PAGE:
There’s also the reality – sometimes the elephant in the room – that we don’t all agree on what it means to be the Church. Everyone and their cousin has a different idea of what ‘mission’ actually is. And in some ways, rightfully so. Certainly I would argue, as do the authors in this issue, that there is an essential and universal nature to God’s mission. But, just as all theology is contextual, so all missiology should be developed in conversation with and in response to individual context.


Mission is not something that we do; it is something that God does through us, a transformation and redemption in which we are invited to participate.

Calvary Presbyterian Church in Detroit
Calvary Presbyterian Church in Detroit

Given this contextual nature of mission, we at Unbound have done a little crowdsourcing, asking you the readers to speak from your own context and answer the question “What is the mission of the Church?” You have responded incredibly enthusiastically! So over the course of the next few weeks, we will hear from people of faith across our nation and across the world as they answer the question of what mission – of what being the Church – looks like in their own contexts.

I will readily admit that I am no expert in missiology. Many authors in this issue can and will discuss the Church’s participation in in God’s mission with much more wisdom and authority than I ever could. That said, as I’ve read through article submissions for this issue, several themes have been articulated time and time again that resonate deeply with my own understanding of the theological grounding of God’s mission for the Church. I offer up the following as a starting point for the conversation that will unfold in this issue:

  • Mission is not something that we do; it is something that God does through us, a transformation and redemption in which we are invited to participate.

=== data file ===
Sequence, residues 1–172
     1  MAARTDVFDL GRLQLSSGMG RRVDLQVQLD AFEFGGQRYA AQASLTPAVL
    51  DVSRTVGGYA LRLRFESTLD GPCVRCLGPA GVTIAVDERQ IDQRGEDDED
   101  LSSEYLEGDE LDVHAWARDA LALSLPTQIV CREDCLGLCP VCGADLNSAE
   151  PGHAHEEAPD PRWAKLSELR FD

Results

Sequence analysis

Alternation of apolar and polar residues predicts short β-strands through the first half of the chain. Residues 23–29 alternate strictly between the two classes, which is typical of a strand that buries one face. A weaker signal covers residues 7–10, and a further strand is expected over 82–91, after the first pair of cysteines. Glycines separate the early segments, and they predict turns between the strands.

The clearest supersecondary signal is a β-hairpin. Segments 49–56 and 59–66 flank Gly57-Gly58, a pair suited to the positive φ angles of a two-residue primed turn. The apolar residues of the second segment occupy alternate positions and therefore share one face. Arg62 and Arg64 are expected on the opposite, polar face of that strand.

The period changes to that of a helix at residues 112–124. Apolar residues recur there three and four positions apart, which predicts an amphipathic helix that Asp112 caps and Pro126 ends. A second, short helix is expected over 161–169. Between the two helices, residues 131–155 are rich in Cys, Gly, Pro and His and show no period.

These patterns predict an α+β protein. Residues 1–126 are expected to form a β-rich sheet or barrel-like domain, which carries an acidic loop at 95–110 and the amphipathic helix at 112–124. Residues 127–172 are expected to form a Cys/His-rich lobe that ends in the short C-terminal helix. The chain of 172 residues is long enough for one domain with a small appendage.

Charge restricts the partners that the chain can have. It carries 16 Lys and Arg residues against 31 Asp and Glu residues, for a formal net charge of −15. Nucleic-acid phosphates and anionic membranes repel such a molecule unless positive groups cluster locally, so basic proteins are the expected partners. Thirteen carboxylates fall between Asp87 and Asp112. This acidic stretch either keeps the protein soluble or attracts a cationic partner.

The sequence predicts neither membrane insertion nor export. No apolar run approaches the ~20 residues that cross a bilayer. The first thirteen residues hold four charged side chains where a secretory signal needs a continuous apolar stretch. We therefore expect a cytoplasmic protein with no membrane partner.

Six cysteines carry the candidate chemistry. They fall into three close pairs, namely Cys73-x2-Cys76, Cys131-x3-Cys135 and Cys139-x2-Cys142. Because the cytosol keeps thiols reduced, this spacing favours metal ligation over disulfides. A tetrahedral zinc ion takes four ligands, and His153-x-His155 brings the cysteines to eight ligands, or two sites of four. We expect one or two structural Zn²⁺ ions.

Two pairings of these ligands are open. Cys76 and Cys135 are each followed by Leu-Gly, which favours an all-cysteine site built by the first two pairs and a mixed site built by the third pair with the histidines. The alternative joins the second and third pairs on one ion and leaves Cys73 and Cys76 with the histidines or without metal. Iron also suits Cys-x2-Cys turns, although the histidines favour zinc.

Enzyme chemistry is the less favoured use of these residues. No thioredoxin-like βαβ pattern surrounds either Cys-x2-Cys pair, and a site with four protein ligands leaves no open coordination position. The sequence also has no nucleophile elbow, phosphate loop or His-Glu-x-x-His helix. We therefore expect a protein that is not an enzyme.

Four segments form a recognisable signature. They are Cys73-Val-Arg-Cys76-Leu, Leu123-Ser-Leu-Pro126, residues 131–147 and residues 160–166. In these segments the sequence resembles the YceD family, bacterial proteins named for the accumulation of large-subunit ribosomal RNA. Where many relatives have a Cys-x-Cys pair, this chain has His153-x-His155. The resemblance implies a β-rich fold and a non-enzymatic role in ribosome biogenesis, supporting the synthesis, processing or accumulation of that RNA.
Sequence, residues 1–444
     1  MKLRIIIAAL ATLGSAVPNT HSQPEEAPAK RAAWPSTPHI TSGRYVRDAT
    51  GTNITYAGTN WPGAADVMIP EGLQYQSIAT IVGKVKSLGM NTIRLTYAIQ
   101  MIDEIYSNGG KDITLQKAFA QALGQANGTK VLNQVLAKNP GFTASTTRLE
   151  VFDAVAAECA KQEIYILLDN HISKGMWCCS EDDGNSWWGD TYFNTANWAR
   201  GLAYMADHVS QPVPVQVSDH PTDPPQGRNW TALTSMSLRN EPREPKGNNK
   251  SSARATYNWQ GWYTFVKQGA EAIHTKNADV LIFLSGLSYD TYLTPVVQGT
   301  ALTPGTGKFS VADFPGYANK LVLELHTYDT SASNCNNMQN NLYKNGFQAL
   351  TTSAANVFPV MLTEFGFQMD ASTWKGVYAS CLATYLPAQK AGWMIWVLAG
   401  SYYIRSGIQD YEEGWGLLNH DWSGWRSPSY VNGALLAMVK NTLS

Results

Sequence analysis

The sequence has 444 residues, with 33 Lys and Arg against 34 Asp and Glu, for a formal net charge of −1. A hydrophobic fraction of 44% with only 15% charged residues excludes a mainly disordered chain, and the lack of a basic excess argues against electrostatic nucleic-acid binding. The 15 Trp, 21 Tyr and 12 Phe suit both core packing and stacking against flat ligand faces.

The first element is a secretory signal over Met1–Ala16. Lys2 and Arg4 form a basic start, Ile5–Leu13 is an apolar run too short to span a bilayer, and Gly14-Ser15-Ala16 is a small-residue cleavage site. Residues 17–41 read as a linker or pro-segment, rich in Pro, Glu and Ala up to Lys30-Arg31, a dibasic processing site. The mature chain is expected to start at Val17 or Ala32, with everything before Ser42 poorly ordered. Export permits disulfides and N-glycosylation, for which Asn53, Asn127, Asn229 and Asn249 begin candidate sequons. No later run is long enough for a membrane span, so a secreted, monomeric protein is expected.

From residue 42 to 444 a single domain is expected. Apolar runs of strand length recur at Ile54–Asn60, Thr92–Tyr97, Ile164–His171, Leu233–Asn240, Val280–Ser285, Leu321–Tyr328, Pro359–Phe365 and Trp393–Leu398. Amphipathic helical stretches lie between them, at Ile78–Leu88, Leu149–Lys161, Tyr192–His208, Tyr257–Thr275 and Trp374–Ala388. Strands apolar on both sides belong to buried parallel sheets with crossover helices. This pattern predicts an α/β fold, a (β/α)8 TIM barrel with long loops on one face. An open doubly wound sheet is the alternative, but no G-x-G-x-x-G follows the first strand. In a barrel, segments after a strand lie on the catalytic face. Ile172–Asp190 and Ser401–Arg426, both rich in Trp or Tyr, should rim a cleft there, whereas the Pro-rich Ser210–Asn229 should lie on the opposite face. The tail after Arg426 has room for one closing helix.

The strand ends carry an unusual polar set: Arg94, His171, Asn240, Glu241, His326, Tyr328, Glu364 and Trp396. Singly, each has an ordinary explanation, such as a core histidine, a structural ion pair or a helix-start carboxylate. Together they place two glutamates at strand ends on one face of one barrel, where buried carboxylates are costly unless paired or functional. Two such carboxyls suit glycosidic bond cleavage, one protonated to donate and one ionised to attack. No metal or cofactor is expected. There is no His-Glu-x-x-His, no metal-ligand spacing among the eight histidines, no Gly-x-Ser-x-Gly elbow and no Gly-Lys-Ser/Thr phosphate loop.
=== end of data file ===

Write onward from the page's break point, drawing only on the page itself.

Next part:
• Mission is not something that is done to others or even for Mission is something in which we participate with others.
  • Mission includes those activities often that we often call ‘ministry’, but it is in no way limited to religious endeavors.
  • Mission includes global missions, building relationships and partnerships with people around the world. It also includes building those same relationships and partnerships with the people in our neighborhoods.
  • Mission includes the proclamation of the good news of Jesus Christ – a Biblical aspect of mission that we have Anglicized as evangelism – but is not limited to evangelism in the commonly understood sense of the word.
  • Mission includes work for social justice and dignity for all people but is not limited to ‘do-good’ endeavors.
  • Mission involves being sent beyond the walls of our buildings and the confines of our internal communities. It also includes how the Church treats the people who call this community their home, how we conduct our own life and business.
  • The Church is called to participate in God’s mission, but God’s mission does not belong exclusively to people of faith. Authentic mission must be done in partnership, and we who call ourselves Christians or people of faith do well not write any partner off. God certainly does not.

Book of ConfessionsA little over a year ago, when the ‘Living Missionally’ initiative was about to come before the General Assembly for consideration, I asked a dear friend and mentor of mine, Dr. Dawn DeVries, to write an article for Unbound’s Pre-General Assembly Issue about the ‘missional’ church. More specifically, I asked her to discuss the idea of a missional church through the lens of our Book of Confessions, the collection of documents from different historical moments that together articulate the theology and identity of the Presbyterian Church (U.S.A.).

Dawn responded with this article, which is worth a second read. Perhaps most apropos to our discussion this month is the fact that Dawn frames this article on the missional church not in the theological discipline of missiology but rather in the discipline of ecclesiology – defined in her words as “our understanding of what it means to be the church.”

I think my colleague may have been on to something. Why don’t we just call it being the Church? And while we’re at it, let’s start anew every morning with this holy and terrifying task of being the church – imperfectly.


Read more articles in this issue: What Mission is This Anyway?

Register for Big Tent 2015!

Read the General Assembly Initiative “Living Missionally”.